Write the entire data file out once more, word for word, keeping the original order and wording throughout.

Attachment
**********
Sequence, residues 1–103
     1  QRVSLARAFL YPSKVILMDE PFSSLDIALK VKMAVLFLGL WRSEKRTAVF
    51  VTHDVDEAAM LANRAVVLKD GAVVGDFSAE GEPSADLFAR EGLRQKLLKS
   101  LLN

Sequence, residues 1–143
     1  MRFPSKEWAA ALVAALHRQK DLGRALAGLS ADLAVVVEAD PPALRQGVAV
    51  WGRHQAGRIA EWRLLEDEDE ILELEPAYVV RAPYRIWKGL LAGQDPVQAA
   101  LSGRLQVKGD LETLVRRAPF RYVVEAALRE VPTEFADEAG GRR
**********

Sequence, residues 1–103
     1  QRVSLARAFL YPSKVILMDE PFSSLDIALK VKMAVLFLGL WRSEKRTAVF
    51  VTHDVDEAAM LANRAVVLKD GAVVGDFSAE GEPSADLFAR EGLRQKLLKS
   101  LLN

Sequence, residues 1–143
     1  MRFPSKEWAA ALVAALHRQK DLGRALAGLS ADLAVVVEAD PPALRQGVAV
    51  WGRHQAGRIA EWRLLEDEDE ILELEPAYVV RAPYRIWKGL LAGQDPVQAA
   101  LSGRLQVKGD LETLVRRAPF RYVVEAALRE VPTEFADEAG GRR